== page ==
Recliner Reviews for Feb. 14, 2014

February 12, 2013 

Sometimes it’s a dilemma: what DVD should you rent or what movie should you stream or order-on-demand? Do you want a date flick, an action caper, or a goofy comedy? Weekly Surge is here to help with our reviews of recent at-home movie releases, which we’ve watched from the comfort of that favorite recliner. This month we’re focusing on Oscar-nominated flicks.


This film honors the 50-year anniversary of James Bond, the 23rd film in the Eon Bond series, and Daniel Craig’s third chance as 007. Craig continues to breathe new life into the character, it feels like original writer Ian Fleming created Bond back in 1953 with Craig in mind. He balances sex appeal with emotional impact with razor wit with Bond badassery. This movie saw a four-year delay because of scheduling conflicts and the studio going bankrupt. It’s fitting that “American Beauty” director Sam Mendes took a back-to-basics approach – Bond as a horn-dog is toned down. The tricky gadgets are intentionally left out. And we’re able to see Bond’s weakness and play the underdog. Javier Bardem is a throwback to the classic, rounded Bond villain. Naomie Harris is an unknown British treasure. Judi Dench takes her seventh turn as Q, and each time has made the role richer. The film is nominated for five Oscars. How are they going to deny 007 five times? Destined to pull at least one and definitely worth a watch.

“The Sessions”

You may recognize John Hawkes for playing Kenny Powers’ “whipped” brother on HBO’s “Eastbound & Down,” but Hawkes has developed into quite the kickass actor in his own right. That being said, he’s not nominated for an Oscar for this film…which is a travesty. Hawkes plays the real-life writer/poet Mark O'Brien on his journey to get laid as a 38 year-old virgin – so what, you ask? Well naysayers, O’Brien was stricken with polio and confined to spend his life dependent on an iron lung to breathe. Hawkes does a phenomenal job, adding humor to a pitiful condition. Helen Hunt did earn an Oscar nod for playing a sex surrogate. And a large percent of her screen time is spent nude. We’re not talking side-boob; it’s full-on, unabashed and unflinching. Hunt brings her A-game and deserves the accolades. If only Hawkes could get some love. Hunt won an Academy Award 15 years ago, but this Hunt for Oscar might come back empty-handed – still well worth a watch.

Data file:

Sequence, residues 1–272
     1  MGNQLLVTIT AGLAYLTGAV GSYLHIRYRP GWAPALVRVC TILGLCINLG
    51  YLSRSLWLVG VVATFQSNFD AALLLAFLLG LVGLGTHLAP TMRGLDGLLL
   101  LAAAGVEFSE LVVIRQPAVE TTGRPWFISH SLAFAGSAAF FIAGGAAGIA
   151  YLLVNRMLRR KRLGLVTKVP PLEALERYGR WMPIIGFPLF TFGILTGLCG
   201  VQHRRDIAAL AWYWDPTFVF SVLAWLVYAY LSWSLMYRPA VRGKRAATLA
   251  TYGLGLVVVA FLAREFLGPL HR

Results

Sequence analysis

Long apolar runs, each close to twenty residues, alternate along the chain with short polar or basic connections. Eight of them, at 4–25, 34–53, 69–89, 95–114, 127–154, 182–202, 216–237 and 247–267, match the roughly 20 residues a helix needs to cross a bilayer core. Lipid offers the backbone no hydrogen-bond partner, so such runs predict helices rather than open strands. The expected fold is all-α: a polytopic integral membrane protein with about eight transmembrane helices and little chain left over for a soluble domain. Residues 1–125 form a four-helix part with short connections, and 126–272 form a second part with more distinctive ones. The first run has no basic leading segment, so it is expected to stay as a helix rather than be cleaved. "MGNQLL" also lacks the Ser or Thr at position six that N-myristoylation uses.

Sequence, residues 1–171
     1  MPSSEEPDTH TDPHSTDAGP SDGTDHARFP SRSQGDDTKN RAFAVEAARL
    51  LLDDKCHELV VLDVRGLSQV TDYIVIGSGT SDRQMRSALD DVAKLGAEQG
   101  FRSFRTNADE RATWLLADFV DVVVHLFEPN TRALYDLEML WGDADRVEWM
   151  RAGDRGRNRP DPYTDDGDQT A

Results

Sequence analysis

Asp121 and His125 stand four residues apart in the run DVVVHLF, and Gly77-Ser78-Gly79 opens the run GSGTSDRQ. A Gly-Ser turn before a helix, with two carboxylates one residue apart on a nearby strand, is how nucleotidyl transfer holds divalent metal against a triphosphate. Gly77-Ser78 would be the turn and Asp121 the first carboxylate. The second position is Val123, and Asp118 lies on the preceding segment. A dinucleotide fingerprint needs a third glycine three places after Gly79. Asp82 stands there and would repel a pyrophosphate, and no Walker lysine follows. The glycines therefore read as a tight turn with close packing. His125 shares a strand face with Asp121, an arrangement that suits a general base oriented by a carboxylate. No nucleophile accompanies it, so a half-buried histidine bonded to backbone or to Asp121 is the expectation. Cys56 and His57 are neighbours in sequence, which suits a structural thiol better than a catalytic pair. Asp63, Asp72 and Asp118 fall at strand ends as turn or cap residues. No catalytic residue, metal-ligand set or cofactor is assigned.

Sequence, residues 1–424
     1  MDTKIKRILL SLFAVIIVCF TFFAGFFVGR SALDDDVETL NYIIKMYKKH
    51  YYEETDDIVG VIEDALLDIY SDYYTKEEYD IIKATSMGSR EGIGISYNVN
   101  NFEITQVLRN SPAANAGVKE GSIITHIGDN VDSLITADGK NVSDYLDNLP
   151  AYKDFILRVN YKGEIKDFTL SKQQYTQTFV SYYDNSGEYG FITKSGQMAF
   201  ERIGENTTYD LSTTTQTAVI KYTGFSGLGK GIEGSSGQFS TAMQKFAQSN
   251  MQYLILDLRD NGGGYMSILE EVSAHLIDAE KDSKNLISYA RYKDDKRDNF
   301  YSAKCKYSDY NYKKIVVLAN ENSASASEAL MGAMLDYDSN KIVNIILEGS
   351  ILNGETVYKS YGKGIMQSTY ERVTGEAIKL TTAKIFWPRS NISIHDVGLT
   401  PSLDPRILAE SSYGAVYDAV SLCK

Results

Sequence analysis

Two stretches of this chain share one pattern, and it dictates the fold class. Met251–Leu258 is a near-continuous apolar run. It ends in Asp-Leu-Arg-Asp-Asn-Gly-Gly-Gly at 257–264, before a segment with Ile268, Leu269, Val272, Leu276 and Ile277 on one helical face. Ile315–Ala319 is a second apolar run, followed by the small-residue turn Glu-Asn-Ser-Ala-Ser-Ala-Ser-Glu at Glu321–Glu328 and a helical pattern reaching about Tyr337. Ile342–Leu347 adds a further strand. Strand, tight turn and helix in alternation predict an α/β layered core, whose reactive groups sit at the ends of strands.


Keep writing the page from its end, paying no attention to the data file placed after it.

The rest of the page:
“Searching for Sugar Man”

On Malik Bendjelloul’s first feature-length documentary, he earns an Oscar nomination. It wasn’t a fluke or undeserved. This film tells the story of Sixto Rodriguez – a folk musician from Detroit in the late ‘60s and early ‘70s, who never caught on with America audiences and fell off the map by 1975. Well, he did catch on in South Africa, where his music became bigger than the Rolling Stones. His brand of acoustic, gritty storytelling was a cornerstone of underground music in apartheid-era South Africa and a major influence on later musicians. Unfortunately, in South Africa it was thought that Rodriguez had killed himself on stage. Two of these South African fans set out to find the legacy of Rodriguez – what comes out is a reverent story with twists and turns, always entertaining while paying respects to a musician who turned into mythos. Rodriguez’s music should’ve been nominated for a Grammy but since it didn’t maybe it can pull down an Oscar – well worth a watch.

Derrick Bracey, for Weekly Surge

Weekly Surge is pleased to provide this opportunity to share information, experiences and observations about what's in the news. Some of the comments may be reprinted elsewhere in the site or in the newspaper. We encourage lively, open debate on the issues of the day, and ask that you refrain from profanity, hate speech, personal comments and remarks that are off point. Thank you for taking the time to offer your thoughts.

Commenting FAQs | Terms of Service